Samuel Goldwyn Theater
8949 Wilshire Blvd
Beverly Hills, CA 90212
Produced and directed by Frank Capra. Screenplay by Frances Goodrich, Albert Hackett, Capra, based on the short story by Philip Van Doren Stern.
Cast: James Stewart, Donna Reed, Lionel Barrymore, Thomas Mitchell, Henry Travers, Beulah Bondi, Frank Faylen, Ward Bond, Gloria Grahame, H.B. Warner, Todd Karns, Karolyn Grimes, Carol Coombs, Jimmy Hawkins, Larry Simms.
130 minutes. DCP courtesy of Paramount.
In honor of the 70th anniversary of It’s a Wonderful Life, the Academy hosted a celebratory screening featuring cast members Karolyn Grimes (Zuzu), Carol Coombs Mueller (Janie) and Jimmy Hawkins (Tommy) and special guest Tom Capra. A timeless holiday classic, It’s a Wonderful Life was nominated for five Academy Awards, including Directing for Frank Capra, Actor for James Stewart and Best Picture.
Based on Philip Van Doren Stern’s short story “The Greatest Gift,” It’s a Wonderful Life focuses on George Bailey (Stewart), a struggling businessman who becomes so disillusioned with his small-town life that he contemplates taking drastic measures to end it. His guardian angel, Clarence (Henry Travers), soon intervenes and helps George discover the true value of love and friendship as well as the indelible impact he has made on the community of Bedford Falls. The film was a personal favorite of Capra, who felt it was “the greatest film I ever made. Better yet, I thought it was the greatest film anybody had ever made.”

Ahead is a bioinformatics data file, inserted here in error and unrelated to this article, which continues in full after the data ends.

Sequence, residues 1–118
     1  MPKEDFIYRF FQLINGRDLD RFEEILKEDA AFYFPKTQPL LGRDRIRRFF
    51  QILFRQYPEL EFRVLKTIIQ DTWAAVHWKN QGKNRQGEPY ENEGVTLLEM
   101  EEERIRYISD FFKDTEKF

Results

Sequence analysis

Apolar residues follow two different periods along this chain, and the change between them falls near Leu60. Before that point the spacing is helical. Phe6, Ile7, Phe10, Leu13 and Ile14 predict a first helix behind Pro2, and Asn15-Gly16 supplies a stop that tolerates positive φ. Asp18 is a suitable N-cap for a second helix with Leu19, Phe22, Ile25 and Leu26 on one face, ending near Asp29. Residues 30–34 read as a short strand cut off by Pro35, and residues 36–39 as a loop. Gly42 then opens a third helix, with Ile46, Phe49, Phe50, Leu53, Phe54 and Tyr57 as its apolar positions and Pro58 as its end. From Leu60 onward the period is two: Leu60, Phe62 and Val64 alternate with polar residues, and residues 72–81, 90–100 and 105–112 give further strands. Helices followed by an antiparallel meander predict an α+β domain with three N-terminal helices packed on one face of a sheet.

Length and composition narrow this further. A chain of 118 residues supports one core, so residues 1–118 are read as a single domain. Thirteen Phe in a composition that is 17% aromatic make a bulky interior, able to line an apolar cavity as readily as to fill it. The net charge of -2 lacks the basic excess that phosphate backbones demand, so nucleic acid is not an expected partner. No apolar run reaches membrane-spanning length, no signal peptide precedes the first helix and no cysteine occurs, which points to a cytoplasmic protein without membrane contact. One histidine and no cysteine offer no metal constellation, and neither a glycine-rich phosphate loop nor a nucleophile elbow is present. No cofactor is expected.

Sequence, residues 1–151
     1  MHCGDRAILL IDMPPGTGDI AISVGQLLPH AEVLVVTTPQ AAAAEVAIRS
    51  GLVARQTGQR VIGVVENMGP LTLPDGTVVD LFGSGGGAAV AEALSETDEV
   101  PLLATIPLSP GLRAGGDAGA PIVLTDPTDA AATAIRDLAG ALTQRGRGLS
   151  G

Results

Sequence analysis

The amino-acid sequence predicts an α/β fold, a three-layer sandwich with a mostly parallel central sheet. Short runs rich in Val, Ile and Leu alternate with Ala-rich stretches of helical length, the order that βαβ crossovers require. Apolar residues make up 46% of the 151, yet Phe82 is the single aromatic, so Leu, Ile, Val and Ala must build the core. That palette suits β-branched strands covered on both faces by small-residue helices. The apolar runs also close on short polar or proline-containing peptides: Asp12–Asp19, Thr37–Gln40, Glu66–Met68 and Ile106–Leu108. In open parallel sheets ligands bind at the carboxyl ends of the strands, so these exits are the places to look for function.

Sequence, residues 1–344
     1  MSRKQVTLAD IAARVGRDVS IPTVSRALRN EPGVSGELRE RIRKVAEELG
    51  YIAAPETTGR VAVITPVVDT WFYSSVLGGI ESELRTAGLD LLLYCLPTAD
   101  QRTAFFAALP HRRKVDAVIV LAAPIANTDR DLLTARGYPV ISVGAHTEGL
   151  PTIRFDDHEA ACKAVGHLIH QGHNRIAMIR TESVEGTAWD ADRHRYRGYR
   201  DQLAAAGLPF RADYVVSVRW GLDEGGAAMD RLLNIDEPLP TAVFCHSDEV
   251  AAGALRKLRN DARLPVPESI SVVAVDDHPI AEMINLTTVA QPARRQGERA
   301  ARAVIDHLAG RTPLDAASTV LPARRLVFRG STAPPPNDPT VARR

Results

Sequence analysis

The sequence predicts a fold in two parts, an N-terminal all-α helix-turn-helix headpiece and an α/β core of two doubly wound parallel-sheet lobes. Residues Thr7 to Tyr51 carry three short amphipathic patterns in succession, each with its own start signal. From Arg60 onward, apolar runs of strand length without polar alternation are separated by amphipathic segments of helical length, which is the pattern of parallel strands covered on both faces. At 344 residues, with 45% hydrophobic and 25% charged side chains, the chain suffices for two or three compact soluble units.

On a panel moderated by the Academy’s Randy Haberkamp, Grimes, Coombs Mueller and Hawkins shared their memories of working alongside Stuart and Donna Reed, who played George’s high-school sweetheart in her first starring role. The actors reminisced on the commute to Stage 14 in Culver City, the site of the famed Bailey household, and on their one-on-one interviews with Capra. Coombs Mueller also recalled Stuart’s guidance on set: “He was so kind and nice and so very tall.”
The stars later discussed the experience of witnessing the film become a phenomenon. While sitting on the board of the Donna Reed Foundation in the early ’90s, Hawkins noticed the movie gaining momentum and put together a trivia book about it from an insider’s perspective. Grimes admitted that she watched the movie for the first time when she was 40 years old.
Seventy years later, Capra’s life-affirming fantasy continues to be an annual tradition for viewers of all generations. As Grimes noted, “It’s a piece of film history.”